The world’s water systems are threatened by increasing population, pollution and the changing climate. Responding to water-related challenges requires international cooperation in research. Multidisciplinary research that has a societal impact can help protect our water resources, now and in the future.
Water JPI is a pan-European water research programme that seeks to find common solutions for water-related issues. SRIA 2.0 is the programme’s Strategic Research and Innovation Agenda, published in 2016. SRIA 2.0 lays out the water-related themes that scientific research should address right now.
This the second research agenda to be published, and it is an important landmark for the research programme, which will soon celebrate its fifth anniversary. The agenda is divided into themes that approach water from the environmental, industrial or financial viewpoint. The themes are used to channel funding to research that, for example, seeks to secure the availability of clean water or the stability of water-dependent ecosystems.
The Council of the European Union launched a Joint Programme Initiative for the water field in 2011. The main goal of the Water JPI is to establish how sustainable water supply systems can be organised in Europe and elsewhere in the world. Finland has been actively involved in the management and development of the JPI. The participation is coordinated by the Academy of Finland.
Strategic agenda for water research
The new research strategy and agenda has been completed as a collaborative effort by a number of experts, stakeholders and the public.The Director of the Freshwater Centre of the Finnish Environment Institute, Seppo Rekolainen, is the Co-Chair of the scientific advisory Board of the Water JPI.
“Finland has a good reputation and a long history in the management of water-related questions. This is why we have to take more extensive responsibility for matters on the global scale,” says Rekolainen.
There is great versatility in water questions in Europe, as the continent has such a wide array of different types of environments. In southern Europe, aridity is the main issue, whereas in the north the question focuses on water quality. According to Rekolainen, the new strategic agenda successfully covers the different elements of European water issues. It also offers a clear strategic goal for the research and funding in the field of water.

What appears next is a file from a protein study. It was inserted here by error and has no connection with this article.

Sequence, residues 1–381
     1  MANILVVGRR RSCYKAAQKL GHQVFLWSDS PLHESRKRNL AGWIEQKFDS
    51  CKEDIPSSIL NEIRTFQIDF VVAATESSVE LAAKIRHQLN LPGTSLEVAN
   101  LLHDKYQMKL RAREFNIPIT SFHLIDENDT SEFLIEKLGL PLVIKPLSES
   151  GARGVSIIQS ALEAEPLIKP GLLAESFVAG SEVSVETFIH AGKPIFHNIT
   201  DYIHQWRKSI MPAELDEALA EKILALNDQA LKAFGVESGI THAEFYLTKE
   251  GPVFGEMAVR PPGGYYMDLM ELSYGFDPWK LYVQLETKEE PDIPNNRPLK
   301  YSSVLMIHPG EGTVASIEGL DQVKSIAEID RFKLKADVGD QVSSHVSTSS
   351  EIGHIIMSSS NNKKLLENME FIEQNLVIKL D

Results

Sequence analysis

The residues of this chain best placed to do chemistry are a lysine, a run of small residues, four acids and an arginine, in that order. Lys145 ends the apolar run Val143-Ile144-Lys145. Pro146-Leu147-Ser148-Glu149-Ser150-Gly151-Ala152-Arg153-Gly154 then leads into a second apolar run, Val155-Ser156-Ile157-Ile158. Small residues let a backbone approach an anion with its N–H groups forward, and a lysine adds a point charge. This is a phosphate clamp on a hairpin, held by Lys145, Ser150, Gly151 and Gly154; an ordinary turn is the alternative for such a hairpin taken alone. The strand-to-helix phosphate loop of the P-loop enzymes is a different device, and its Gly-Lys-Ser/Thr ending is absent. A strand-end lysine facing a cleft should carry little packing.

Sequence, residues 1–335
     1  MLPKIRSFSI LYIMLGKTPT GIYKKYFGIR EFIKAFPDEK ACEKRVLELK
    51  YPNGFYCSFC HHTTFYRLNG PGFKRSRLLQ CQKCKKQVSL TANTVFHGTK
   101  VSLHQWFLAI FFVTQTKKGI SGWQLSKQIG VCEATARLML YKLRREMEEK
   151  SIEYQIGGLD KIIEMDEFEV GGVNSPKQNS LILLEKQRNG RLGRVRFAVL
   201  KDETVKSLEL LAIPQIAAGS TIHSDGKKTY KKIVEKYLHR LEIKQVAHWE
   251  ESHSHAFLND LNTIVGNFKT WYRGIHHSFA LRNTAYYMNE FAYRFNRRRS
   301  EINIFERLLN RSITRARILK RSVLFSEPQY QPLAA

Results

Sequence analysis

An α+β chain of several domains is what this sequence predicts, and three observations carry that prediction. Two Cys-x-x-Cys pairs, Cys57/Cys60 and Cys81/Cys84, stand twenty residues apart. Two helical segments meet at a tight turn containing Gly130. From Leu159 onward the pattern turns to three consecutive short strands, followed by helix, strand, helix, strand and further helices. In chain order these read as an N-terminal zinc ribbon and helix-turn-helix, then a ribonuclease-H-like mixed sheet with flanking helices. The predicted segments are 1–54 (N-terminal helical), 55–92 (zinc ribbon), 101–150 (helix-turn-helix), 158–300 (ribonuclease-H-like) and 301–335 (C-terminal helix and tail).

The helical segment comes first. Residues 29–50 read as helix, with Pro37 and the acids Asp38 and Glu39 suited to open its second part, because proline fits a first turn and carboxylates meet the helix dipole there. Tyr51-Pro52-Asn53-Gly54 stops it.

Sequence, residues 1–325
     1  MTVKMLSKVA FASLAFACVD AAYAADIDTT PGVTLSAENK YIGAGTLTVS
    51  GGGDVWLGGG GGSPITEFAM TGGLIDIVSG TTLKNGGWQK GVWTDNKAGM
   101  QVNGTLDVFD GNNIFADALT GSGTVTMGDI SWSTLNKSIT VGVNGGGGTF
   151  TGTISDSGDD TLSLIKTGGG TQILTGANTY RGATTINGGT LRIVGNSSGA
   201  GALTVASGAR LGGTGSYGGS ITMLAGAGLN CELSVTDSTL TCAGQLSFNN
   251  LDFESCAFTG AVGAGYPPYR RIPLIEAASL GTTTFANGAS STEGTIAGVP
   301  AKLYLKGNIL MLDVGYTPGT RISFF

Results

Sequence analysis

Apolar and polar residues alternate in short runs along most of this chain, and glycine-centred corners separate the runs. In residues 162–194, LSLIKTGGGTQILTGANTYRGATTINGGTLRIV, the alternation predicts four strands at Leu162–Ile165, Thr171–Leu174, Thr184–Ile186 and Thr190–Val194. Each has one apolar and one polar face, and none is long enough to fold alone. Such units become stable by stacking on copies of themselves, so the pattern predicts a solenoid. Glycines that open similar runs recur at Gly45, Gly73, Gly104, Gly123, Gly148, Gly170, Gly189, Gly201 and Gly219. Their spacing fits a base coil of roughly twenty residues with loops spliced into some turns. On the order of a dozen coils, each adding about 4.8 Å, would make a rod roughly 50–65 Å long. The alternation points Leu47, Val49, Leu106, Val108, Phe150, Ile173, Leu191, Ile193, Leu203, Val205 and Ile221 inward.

The strategic agenda contains a total of five themes: improving ecosystem sustainability; developing safe water systems for the citizens; promoting competitiveness in the water industry; implementing a water-wise biobased economy and closing the water cycle gap.
At the moment, according to Rekolainen, the water sector needs research to focus on water from an administrative and political approach. The environment is not the only factor contributing to the complexity of the water sector.
“Each European country has distinct socio-economic conditions that influence the introduction of the water industry and new technologies. Identical policy practices cannot be applied everywhere,” he says.
Rekolainen believes that, in the future, research collaboration will increasingly focus on solving global water issues. In addition to the European Commission, 20 European countries are partners of the JPI, with four observer countries. However, the most significant water issues that reflect on Europe are located outside the member countries.